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humanities 131 university of toronto quarterly, volume 73, number 1, winter 2003/4 More autonomous and prickly in its nationalist identity, Canada=s army was usually left to figure out its own solutions. The miracle was that they often came up with good answers and excellent leaders. General Arthur Currie, a hero of this book, and Major-General Bert Hoffmeister, the best Canadian commander of the Second World War, were both militia officers. Hoffmeister took his inadequacies so seriously that he had an early nervous breakdown. Unusual good sense allowed him back into uniform, to shape and lead >Hoffy=s Maroon Machine,= the Fifth Canadian Armoured Division, in Italy and the Netherlands. Currie=s slower maturation from Victoria real estate agent to commander of the Canadian Corps allowed him to inherit and improve on the tactical common sense of his British predecessor, Sir Julian Byng. By using the initiative and experience of junior leaders and backing them with all the artillery ammunition he could lay his hands on, Currie devised the ponderous but effective >Canadian way of war= inherited by his less talented successors in Italy and northwest Europe. Granatstein=s important contribution in Canada=s Army and in earlier books, is to remind us that the learning curve had a high cost in lives. However veiled in propaganda and self-admiration, our early battles were often defeats aggravated by inexperience and incompetence. German chlorine gas at Ypres in April 1915, provided an admirable alibi for a largely self-inflicted disaster. The casualties in Normandy in 1944 that made the Third and Second Canadian Infantry Divisions the most bloodstained formations in General Montgomery=s army were the price of military amateurism, inconceivable only months later. By-products of heavy losses were our two conscription crises. Today, Granatstein argues, Canada=s land forces have been so consistently robbed of modern equipment and training time that the government =s claim of >combat-capable forces= is an internationally embarrassing lie. Jack Granatstein hopes his readers will learn from history. (DESMOND MORTON) Susan M. Turner. Something to Cry About: An Argument against Corporal Punishment of Children in Canada Wilfrid Laurier University Press. xix, 317. $29.95 Do you spank your children? If so, then Susan Turner has a question for you. Spanking is a form of corporal punishment, defined as the infliction of physical pain for the purpose of correcting behaviour. As such, it satisfies the legal definition of an assault. Assaulting another person is generally wrong and, with one significant exception, unlawful. That exception is embodied in section 43 of the Criminal Code, which authorizes parents or teachers to administer corporal punishment on children under their authority as long as >it does not exceed what is reasonable under the 132 letters in canada 2002 university of toronto quarterly, volume 73, number 1, winter 2003/4 circumstances.= Similar legal provisions once allowed the use of corporal punishment by husbands against wives, masters against servants and apprentices, guards against prisoners, and captains against crew members. Only the exception for children survives. The question Turner wants you to ponder is: How can that exception be justified? Why should we think we have the right to hit our children? Defenders of the corporal punishment of children generally rest their case on two lines of argument. Affirmatively, they claim that parents and teachers need recourse to this method of correction in order to keep children in line. Against this claim, Turner concedes that hitting a child may be an effective temporary means of interrupting disruptive behaviour. However, she argues that it is not only unnecessary but actually ineffective as a long-term strategy for improving behaviour. Negatively, the defenders claim that at least the milder forms of physical punishment, such as spanking, do no harm to children. In response, Turner rests her case on empirical evidence that children subjected to corporal punishment may as a consequence suffer both physical and psychological trauma, including longterm effects such as an increased tendency towards aggression. The use of such punishment by parents is also a risk factor for more severe forms of child physical abuse. If some form of conduct is both unnecessary and harmful, that is a pretty good moral...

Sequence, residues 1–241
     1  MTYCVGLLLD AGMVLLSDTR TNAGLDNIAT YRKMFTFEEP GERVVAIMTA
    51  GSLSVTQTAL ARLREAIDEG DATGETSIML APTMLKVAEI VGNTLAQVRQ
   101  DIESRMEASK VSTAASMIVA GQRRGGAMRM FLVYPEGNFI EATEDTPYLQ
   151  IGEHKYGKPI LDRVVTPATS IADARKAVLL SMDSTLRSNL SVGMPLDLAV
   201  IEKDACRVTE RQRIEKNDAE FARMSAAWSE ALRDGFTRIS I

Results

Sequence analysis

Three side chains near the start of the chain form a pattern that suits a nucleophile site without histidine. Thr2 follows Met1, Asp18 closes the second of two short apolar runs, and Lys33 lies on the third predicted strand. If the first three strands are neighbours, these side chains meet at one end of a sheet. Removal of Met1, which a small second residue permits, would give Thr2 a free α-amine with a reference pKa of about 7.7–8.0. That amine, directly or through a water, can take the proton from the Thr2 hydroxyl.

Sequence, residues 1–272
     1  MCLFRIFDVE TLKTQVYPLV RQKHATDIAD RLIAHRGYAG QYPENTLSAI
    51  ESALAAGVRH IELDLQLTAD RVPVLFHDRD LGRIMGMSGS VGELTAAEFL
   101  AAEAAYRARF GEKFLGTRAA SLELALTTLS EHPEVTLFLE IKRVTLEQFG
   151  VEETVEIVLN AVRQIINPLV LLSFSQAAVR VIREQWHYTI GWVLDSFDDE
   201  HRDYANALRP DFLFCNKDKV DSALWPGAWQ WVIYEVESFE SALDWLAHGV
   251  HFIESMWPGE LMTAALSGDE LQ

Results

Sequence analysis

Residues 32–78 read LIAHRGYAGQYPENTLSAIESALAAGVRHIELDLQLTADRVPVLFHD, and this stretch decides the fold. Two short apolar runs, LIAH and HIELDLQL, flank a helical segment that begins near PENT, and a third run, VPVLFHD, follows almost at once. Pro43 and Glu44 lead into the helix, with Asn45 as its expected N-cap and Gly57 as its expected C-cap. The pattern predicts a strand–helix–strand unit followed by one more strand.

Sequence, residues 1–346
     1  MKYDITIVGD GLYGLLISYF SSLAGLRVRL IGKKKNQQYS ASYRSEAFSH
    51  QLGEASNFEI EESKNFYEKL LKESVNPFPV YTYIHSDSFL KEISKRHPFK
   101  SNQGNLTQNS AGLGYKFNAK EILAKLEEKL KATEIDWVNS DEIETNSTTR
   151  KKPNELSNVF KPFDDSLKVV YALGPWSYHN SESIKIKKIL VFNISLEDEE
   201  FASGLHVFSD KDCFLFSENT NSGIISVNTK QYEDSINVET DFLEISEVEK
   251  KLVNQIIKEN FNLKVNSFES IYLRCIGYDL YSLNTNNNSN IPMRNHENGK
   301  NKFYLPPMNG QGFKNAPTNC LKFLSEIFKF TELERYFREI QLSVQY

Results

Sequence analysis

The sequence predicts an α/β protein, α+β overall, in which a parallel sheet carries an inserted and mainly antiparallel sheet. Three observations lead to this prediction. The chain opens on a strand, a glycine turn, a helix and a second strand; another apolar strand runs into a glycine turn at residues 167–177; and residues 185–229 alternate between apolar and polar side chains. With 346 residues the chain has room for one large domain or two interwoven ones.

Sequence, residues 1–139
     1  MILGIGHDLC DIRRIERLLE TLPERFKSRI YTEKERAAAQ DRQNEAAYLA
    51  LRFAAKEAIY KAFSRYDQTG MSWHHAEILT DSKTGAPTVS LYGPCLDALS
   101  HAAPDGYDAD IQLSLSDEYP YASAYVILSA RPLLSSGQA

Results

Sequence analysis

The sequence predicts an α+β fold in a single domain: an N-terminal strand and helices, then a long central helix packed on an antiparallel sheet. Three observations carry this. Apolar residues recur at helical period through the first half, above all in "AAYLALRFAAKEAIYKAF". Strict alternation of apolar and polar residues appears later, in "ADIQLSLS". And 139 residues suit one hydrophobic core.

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Additional Information

ISSN
1712-5278
Print ISSN
0042-0247
Pages
pp. 131-133
Launched on MUSE
2014-07-02
Open Access
No
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